The Real Playmakers in Sports

Written by student journalist Veronica Palmich ’1820827619988_9a498635c8_k

It has been a long and hard game. It is late in the fourth quarter, and the football team is down by one touchdown.  They are driving down the field, and are close to the goal line.  There is only seven seconds left, and the last play is called.  The players line up at the line of scrimmage.  The center snaps the ball, and the quarterback throws a perfect spiral to his receiver in the end zone.  The team scores and wins, but the quarterback was hit hard.  He is lying still on the ground and is not showing any signs of getting up.  The referees wave to the sidelines.  The coach and a few other people run out.  People recognize the other people as the sports medicine team, but what is their job?  How do they know what to do?

Coach Chris Leeds, Blessed Trinity’s head athletic trainer, is in charge of students who are on the sidelines prepared to help in any way they can.  “Many of them are trained in basic first aid so they will assist the athletic trainer in covering wounds to players during the game. They facilitate and play an important role in the emergency action plan,” said Coach Leeds.  In addition to this the trainers are responsible for having Gatorade and water ready for players when they substitute out, or there is a break in the game.

Brooke Yap, a Blessed Trinity sophomore trainer feels that she was well prepared for the sports medicine program even before she started.  “I attended the camp before both eighth grade and freshman year.  I learned a lot like how to wrap ankles,” she said.

To become part of the program this year, she attended a meeting and was put on the schedule for both junior varsity and varsity football.  The trainers can go to the field house training room to learn more about how to treat the athletes, and some things they can do are give ultrasounds and massages to athletes under supervision from either Coach Leeds or Coach Hunter, the graduate assistant athletic trainer.

Senior Meredith Marsden, the head athletic training student, decided to join the athletic training program after her freshman year when she spent more time in the training room than she did actually playing basketball.   As the head athletic training student, Meredith is in charge of organization, and gets an up-close opportunity to learn what athletic training is all about.  “I organize all of the other student trainers by making schedules, helping assign teams, and making sure we get everything done for our team. I also have the chance to work closely with Coach Leeds and Coach Hunter to have a good look into what an athletic training career would be like,” said Meredith.  She is planning to pursue athletic training at Purdue University next fall.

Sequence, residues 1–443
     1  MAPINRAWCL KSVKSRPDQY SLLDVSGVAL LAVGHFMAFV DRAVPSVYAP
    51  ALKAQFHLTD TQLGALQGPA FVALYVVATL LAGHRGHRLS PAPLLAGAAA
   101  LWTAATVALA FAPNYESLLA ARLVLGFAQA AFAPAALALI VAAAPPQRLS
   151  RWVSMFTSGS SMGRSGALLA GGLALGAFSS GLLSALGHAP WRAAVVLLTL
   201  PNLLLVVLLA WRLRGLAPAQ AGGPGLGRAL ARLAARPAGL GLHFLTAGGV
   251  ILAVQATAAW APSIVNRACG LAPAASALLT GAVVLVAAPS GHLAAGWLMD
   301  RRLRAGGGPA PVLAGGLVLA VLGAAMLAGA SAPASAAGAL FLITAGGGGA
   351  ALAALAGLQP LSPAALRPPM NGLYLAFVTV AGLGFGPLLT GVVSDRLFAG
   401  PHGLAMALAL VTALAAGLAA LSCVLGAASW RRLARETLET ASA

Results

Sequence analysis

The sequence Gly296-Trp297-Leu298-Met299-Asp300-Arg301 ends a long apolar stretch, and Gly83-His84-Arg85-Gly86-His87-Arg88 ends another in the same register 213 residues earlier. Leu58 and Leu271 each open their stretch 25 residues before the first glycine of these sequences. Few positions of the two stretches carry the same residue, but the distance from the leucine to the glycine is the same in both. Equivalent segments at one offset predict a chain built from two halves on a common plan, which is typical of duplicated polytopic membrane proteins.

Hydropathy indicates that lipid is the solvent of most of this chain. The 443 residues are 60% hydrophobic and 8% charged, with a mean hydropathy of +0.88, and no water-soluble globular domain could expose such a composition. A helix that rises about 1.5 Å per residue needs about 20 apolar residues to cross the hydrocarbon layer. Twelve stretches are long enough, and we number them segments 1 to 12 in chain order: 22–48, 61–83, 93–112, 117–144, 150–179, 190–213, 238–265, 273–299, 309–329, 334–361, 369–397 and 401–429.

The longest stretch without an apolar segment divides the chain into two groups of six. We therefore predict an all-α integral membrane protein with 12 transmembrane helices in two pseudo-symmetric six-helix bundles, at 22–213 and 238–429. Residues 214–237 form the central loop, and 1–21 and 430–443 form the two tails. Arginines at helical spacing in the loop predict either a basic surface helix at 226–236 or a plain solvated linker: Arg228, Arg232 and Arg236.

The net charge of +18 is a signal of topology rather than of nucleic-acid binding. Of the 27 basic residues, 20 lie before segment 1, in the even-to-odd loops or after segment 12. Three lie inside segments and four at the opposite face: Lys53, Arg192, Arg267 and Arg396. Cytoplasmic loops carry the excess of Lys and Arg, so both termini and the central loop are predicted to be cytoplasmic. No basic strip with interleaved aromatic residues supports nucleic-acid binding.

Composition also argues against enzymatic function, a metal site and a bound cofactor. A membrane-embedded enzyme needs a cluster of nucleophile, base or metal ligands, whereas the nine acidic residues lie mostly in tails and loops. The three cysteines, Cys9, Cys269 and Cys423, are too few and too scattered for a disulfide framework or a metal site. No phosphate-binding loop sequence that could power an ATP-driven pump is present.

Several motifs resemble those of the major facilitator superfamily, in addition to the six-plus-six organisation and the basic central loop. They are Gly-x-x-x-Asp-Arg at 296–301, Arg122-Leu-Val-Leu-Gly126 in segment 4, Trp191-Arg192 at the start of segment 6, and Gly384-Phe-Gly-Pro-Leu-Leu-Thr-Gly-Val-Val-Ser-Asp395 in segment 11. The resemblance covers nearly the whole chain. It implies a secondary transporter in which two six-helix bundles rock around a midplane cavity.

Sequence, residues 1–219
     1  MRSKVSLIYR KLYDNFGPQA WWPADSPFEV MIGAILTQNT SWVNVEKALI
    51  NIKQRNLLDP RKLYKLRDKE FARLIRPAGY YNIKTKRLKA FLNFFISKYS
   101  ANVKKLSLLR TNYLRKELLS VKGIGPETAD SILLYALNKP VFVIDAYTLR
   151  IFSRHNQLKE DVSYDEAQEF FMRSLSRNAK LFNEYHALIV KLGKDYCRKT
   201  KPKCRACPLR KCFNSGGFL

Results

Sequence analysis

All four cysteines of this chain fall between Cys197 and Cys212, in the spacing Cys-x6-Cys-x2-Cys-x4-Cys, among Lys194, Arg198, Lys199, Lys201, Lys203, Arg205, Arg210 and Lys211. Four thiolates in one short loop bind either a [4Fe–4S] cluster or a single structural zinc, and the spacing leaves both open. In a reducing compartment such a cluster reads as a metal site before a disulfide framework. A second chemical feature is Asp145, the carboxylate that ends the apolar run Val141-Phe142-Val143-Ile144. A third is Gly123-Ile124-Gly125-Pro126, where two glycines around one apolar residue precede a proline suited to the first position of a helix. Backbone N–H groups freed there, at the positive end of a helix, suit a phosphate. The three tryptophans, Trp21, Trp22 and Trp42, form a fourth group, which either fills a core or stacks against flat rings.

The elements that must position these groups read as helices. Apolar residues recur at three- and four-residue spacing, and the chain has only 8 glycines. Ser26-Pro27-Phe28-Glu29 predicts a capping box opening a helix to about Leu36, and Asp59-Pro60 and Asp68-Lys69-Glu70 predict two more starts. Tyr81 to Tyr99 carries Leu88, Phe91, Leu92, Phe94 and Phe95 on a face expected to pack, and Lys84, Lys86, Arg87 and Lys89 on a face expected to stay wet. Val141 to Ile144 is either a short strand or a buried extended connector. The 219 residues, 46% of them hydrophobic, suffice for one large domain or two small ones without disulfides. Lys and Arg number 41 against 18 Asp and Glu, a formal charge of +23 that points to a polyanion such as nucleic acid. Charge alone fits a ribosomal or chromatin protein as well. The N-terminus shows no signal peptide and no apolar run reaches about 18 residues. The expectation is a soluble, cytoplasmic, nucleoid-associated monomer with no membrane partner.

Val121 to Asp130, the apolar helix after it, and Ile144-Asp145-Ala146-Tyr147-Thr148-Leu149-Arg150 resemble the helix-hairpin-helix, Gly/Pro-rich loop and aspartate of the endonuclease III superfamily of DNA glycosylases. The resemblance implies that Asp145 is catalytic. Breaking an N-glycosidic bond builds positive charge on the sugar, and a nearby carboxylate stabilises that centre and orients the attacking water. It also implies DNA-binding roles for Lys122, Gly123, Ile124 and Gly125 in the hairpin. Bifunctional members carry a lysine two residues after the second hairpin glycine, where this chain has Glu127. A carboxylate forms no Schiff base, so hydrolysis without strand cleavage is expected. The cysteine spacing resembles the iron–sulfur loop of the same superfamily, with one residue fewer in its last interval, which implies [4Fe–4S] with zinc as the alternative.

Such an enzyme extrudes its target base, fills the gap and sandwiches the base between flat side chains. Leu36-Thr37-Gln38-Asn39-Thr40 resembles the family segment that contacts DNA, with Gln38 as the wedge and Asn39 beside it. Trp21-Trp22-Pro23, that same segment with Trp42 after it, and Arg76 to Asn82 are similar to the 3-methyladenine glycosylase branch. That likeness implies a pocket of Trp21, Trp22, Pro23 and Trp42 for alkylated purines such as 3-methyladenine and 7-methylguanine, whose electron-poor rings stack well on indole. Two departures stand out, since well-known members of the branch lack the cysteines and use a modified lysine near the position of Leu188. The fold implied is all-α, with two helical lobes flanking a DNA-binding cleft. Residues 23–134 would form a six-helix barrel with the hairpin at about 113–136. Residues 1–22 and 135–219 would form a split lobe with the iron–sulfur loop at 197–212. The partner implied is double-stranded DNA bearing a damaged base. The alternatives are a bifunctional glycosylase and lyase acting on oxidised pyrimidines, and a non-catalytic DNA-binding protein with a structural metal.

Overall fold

The program has made a difference in many people’s lives.  Blessed Trinity junior Joe Anderson was playing football against Sequoyah when he tore his ACL.  “I was laying on the field in a lot of pain when Coach Leeds and Coach Hunter ran up to me and started asking me questions like, ‘What happened?’ ‘Where does it hurt?’ ‘Did you feel or hear a pop?’,” said Joe.

After performing tests on his leg, the trainers told Joe that they thought he might have either torn his meniscus or ACL.  Coach Hunter helped Joe strengthen his quadricep muscle before he went into surgery, and now the trainers help him with rehab the days he does not go off campus to physical therapy.

The athletic training program stretches to all athletic teams at Blessed Trinity throughout the entire year.  Coach Liz McFarland, varsity girls lacrosse coach, is very appreciative of all that the trainers do to help out.  “In the past, we have had several players that need to ‘loosen up’ prior to the game.  At times, this has involved deeper stretching, and at times, e-stim, in which they aid the player’s pre-game routine by providing electrical stimulation of muscles,” she said.  The trainers also attend to players who get hurt during the games, and sometimes prepare ice baths after games.

Coach McFarland is grateful for all the time and effort the trainers put into their jobs. “Our athletic trainers always took their job seriously and never complained…even when it seemed there was an endless group of players needing attention.  I have always been impressed with their dedication.  They are with us at every practice and every game,” she said

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